This is the seventh part of a fiction serial, in 770 words.
Before he left Weston, George phoned the house to let Eileen know he wouldn’t be home that night. But there was no answer, and he left a message on the answerphone. It wasn’t like his wife to not answer, and he wondered if she might still be out. Of course, he had no idea that she was sleeping off the excesses of her encounter with Floyd.
Finding the house in Wells was easy enough. A small cottage, full of character. She came out as soon as he stopped the car, and got into the passenger seat before he had time to open the door for her. “I forgot to say, my name is Anne. I have booked us into a nice inn a few miles away, we are eating in thirty minutes, and you will be pleased to know that they had a double room free, so I took that”. George told her his name, and followed her directions. He had never encountered such a forward and no-nonsense woman before, and had to admit to himself that he had no idea what she saw in him.
As they arrived on the gravel car park of the inn, she placed her hand over his. “I won’t be able to stop over, unfortunately. I told my husband it was a work thing, so I will have to be back before midnight. We should skip the starters and dessert, and just have a main course. You can have me for dessert”. George actually blushed when she said that. Anne was out of his league, in every way.
During dinner, she kept it very professional, talking to him about travel plans, prices, and group numbers as if she was arranging some kind of excursion. He presumed it was because she knew people in the restaurant, and wanted to keep up some pretence. When the bill came, he signed for the food, and left a cash tip for the waitress. Anne leaned forward and spoke in a whisper. “Get your room key from reception. The rooms are at the back in an annexe, and I will pretend to leave and wait for you there”. He nodded.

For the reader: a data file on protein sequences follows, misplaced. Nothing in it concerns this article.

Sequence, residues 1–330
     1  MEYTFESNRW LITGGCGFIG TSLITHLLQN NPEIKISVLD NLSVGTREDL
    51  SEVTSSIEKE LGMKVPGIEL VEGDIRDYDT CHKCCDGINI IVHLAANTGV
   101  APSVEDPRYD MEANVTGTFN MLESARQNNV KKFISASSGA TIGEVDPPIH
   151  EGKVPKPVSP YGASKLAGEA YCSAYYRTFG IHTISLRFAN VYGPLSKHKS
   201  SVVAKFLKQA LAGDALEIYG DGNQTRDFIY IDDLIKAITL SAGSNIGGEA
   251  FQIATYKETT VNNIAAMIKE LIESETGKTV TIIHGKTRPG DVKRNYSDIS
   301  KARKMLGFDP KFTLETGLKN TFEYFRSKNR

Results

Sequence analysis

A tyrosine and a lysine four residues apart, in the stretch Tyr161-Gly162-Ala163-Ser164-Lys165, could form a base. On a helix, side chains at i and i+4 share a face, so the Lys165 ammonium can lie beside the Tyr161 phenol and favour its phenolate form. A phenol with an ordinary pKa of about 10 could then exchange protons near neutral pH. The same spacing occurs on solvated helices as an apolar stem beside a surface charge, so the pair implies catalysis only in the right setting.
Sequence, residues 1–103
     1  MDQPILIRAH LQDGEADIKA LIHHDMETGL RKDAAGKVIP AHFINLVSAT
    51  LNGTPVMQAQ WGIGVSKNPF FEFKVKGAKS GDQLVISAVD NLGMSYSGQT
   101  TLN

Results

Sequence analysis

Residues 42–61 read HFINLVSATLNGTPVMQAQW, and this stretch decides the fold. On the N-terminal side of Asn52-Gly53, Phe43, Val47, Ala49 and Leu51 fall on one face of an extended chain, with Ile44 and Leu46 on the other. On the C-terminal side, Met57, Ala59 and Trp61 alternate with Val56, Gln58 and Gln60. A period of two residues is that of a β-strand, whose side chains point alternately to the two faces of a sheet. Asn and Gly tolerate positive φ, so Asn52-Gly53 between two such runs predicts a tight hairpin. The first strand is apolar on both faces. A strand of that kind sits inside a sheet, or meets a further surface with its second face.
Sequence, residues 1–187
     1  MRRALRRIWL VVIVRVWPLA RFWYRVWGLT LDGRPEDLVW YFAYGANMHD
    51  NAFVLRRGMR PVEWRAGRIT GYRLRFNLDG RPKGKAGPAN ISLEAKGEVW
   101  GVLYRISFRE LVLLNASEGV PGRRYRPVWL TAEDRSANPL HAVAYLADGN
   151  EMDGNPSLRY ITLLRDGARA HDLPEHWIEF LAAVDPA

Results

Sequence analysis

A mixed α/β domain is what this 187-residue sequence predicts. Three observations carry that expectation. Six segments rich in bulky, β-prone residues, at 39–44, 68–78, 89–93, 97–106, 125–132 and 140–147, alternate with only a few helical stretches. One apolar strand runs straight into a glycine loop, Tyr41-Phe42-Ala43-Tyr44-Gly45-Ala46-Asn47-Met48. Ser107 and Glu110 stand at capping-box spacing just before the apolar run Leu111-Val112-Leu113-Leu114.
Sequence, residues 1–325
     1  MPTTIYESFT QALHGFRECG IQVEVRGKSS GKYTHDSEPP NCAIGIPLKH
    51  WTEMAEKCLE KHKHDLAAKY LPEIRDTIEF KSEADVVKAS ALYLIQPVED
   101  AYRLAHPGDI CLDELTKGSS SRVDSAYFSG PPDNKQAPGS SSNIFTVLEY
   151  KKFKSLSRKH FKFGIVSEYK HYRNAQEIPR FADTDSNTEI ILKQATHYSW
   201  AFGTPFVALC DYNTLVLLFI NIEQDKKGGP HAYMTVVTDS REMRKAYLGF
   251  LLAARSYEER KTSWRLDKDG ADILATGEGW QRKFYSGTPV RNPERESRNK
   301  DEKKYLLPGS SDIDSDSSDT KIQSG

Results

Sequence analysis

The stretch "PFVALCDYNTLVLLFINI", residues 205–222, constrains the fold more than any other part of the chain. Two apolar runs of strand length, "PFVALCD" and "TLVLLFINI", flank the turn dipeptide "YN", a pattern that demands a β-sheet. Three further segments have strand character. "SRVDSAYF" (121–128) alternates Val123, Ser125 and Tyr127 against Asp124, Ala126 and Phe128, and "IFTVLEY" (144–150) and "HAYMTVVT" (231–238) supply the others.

She had done this before, undoubtedly.
When he got the key, he had to leave his credit card details to pay for the room and dinner. The man behind the desk was rather cold-mannered. “Breakfast is from seven until eight-thirty. It is served in the bar”. Walking to the annexe at the back, it dawned on George that he was going to have to return to Bath the next day and pay the bill for a room he hadn’t used there. It also occured to him that he had no luggage of any kind, so perhaps the reception desk man knew exactly what was going on.
In the room, Anne wasted no time. Flinging off her clothes, she sprawled out on the bed, laughing at him. “Come on, get your clothes off. Unless you like to leave them on. I don’t really care either way, but let’s get on with it”. When Anne had finished with him, he lay back on the bed feeling wonderful. Choosing to ignore why this attractive young woman had decided she wanted him, he listened to the water running in the bathroom as she washed. When she reappeared, she was fully dressed, and back to being businesslike.
“You are going to have to get dressed and drive me home, George. I’m never going to get a taxi around here on a weeknight”. He stopped the car a few doors from her house, and noticed a curtain move in a window at the front. “He’s spotted me, so no goodnight kiss. Thanks for a lovely time” Then she was gone.
Sleep came easily to George that night, and no blue light disturbed his slumber. After breakfast, he drove back to the hotel in Bath, collected his things, and paid the bill. Driving home that morning, he reflected on what an expensive trip it had been, but Anne had certainly been worth the expense. He had seen nothing at all of Bath, but that hardly mattered. He felt alive, desired, and youthful again, and there was no price you could put on that.
Eileen was at home when he got back. She seemed distracted, asked nothing about his trip, and didn’t mention the Health Club, or why she had not answered the phone. At just after two in the afternoon, she came into the living room carrying two cups of tea. As she handed him one, her face looked blank.
“We have to talk, George. A serious talk”.